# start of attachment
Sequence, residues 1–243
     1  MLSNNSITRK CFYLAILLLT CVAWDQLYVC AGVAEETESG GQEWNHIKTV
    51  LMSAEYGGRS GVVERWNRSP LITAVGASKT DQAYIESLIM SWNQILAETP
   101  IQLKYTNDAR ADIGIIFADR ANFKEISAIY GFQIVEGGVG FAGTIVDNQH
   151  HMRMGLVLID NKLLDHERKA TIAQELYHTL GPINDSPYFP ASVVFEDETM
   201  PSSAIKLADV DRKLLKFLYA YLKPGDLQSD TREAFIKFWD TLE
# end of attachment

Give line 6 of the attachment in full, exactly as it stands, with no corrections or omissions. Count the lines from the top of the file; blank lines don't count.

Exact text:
   201  PSSAIKLADV DRKLLKFLYA YLKPGDLQSD TREAFIKFWD TLE